The Atlantic Hurricane Season came to end on November 30th. This season was slightly above-average. From Alberto to Oscar, there were 15 named storms, including eight hurricanes of which two were “major” (Category 3, 4 or 5). An average season has 12 named storms, six hurricanes, and three major hurricanes.
For the fourth consecutive year, the Atlantic hurricane season got off to an early start, earlier than the official start of the season. (Hurricane season begins on June 1st.) Tropical Storm Alberto formed on May 25th. Alberto made landfall in northern Florida, tracking through western Kentucky, on it’s way to the Great Lakes. Heavy rain from the remnants of the Alberto contributed to Lexington’s historical May rainfall.
This season will be most remembered for hurricanes Florence and Michael, which caused significant damage across the southeastern U.S. Hurricane Florence had quite the journey. Over the open Atlantic, wind shear seemed to ripped the storm apart. Changing steering currents led to storm to a more suitable environment for intensification. Florence rapidly became a Category 4 hurricane with a peak intensity of 140 mph winds and a minimum central pressure of 939 millibars. The storm went through an eyewall replacement cycle as it tracked through the Gulf Stream and weakened. Early on September 14, Florence made landfall near Wilmington, North Carolina as a Category 1 hurricane. The coastal Carolina received several feet of rain. This was the wettest tropical cyclone recorded in the Carolinas.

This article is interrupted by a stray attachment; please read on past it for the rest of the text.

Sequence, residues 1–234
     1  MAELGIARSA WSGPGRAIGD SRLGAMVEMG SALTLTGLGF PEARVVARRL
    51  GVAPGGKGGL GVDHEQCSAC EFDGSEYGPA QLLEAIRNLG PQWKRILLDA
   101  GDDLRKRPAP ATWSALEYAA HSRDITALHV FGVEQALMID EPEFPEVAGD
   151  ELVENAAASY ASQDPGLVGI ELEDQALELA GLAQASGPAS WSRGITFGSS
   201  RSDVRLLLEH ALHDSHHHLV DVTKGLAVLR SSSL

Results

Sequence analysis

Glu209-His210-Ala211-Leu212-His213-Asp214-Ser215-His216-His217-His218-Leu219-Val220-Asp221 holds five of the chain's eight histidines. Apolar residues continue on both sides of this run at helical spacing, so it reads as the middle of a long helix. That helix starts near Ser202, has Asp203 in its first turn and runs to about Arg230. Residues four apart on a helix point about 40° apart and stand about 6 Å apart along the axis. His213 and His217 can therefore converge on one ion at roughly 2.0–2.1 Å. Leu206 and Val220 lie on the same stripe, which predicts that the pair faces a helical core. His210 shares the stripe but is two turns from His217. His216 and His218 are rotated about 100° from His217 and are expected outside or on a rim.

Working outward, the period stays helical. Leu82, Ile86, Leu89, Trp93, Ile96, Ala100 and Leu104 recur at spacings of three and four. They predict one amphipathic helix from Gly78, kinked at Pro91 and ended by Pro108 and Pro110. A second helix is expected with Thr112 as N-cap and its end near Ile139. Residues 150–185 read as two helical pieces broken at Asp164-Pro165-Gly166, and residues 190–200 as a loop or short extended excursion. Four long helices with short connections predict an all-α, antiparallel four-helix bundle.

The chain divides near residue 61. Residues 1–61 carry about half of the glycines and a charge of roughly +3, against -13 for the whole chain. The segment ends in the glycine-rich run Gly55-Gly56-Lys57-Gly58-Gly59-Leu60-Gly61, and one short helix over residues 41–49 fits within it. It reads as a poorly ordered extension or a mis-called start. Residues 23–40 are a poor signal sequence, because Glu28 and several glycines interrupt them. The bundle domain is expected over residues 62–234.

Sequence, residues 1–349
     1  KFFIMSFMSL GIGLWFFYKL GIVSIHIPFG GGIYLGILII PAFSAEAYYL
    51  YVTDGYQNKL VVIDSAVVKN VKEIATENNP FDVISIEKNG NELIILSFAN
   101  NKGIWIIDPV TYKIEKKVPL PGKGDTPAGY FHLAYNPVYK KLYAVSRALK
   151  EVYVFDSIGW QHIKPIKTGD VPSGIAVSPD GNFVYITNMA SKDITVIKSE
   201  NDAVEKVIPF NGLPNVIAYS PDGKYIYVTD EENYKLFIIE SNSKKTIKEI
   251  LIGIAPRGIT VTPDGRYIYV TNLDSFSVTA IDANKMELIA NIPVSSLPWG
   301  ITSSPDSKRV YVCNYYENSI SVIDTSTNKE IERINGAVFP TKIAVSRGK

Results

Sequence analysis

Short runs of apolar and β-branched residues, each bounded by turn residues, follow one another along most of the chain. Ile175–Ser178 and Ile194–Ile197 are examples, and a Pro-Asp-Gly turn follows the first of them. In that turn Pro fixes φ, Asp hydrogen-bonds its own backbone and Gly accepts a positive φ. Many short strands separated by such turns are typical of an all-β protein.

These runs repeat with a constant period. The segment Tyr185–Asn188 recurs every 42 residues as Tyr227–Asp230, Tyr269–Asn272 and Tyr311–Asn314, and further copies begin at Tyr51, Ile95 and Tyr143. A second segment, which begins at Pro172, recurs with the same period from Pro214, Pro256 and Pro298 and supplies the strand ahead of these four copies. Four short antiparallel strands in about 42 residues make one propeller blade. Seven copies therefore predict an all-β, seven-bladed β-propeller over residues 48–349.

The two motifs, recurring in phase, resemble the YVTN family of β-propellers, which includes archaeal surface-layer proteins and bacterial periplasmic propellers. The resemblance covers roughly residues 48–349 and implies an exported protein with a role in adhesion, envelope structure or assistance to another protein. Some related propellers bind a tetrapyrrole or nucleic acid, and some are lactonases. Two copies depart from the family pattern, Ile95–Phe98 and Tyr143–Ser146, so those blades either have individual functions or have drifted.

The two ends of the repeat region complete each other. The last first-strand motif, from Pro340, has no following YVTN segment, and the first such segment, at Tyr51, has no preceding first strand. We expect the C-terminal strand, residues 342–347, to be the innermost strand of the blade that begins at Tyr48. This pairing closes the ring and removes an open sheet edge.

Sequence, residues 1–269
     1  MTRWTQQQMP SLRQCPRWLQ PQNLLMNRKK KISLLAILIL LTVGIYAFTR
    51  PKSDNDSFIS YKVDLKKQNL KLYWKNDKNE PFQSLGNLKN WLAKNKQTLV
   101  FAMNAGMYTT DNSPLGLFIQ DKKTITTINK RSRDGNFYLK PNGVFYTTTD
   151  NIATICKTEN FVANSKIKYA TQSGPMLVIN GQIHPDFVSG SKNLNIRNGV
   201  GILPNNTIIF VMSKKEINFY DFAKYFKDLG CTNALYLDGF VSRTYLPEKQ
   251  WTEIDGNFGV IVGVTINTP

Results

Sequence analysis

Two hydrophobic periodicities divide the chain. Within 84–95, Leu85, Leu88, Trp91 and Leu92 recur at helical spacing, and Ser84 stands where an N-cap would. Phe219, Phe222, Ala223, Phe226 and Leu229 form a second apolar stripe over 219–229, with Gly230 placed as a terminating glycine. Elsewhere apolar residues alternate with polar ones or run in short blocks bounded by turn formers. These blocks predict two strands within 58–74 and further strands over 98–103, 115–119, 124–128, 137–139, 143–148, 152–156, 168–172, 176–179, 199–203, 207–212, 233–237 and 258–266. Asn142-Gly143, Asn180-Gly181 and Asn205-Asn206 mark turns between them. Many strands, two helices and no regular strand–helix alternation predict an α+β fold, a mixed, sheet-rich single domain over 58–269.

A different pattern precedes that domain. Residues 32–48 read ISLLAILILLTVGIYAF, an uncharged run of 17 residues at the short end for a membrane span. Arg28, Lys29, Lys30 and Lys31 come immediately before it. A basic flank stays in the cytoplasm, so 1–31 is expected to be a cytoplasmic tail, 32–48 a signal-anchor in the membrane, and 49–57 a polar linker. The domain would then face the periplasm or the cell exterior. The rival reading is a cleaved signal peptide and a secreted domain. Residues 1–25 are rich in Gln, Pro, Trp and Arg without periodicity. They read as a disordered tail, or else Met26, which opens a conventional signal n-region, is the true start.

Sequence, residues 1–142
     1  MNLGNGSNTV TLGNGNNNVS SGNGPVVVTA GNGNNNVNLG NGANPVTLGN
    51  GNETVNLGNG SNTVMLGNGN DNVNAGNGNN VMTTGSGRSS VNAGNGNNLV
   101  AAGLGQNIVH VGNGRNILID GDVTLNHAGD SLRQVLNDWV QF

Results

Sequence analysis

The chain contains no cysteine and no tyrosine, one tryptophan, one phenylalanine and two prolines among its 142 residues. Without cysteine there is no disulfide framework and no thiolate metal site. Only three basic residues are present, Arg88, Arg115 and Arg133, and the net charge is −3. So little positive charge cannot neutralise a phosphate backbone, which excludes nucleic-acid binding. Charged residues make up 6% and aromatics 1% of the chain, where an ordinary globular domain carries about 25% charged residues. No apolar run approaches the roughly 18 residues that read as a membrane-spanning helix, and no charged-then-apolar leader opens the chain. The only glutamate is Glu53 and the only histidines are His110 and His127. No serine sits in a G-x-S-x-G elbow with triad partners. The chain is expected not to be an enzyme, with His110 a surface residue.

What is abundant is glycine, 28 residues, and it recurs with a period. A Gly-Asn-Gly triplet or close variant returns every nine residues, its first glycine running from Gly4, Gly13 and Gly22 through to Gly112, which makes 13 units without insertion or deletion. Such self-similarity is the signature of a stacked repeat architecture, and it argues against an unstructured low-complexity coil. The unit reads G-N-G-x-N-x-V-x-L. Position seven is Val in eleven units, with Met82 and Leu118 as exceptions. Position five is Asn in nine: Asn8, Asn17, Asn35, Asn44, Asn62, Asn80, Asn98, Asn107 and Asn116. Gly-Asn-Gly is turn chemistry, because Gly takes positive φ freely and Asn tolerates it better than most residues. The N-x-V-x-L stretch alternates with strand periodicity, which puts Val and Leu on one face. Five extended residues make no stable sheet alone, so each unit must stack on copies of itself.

Michael was the strongest storm of the season. It formed in early October over the southwestern Caribbean Sea. Five days later the storm become a major hurricane with 120 mph winds. On October 10, Michael made landfall in Mexico Beach, Florida, near Tyndall Air Force Base as a strong Category 4. This was the strongest hurricane to make landfall along the Florida panhandle. Michael also became the third most intense hurricane at landfall in the U.S. with a minimum pressure of 919 millibars, and the 4th strongest based on wind (155 mph).
Warmer Atlantic sea surface temperatures, strong western Africa monsoon, and the fact that El Nino didn’t form helped to enhance the development of tropical cyclones, especially late in the season.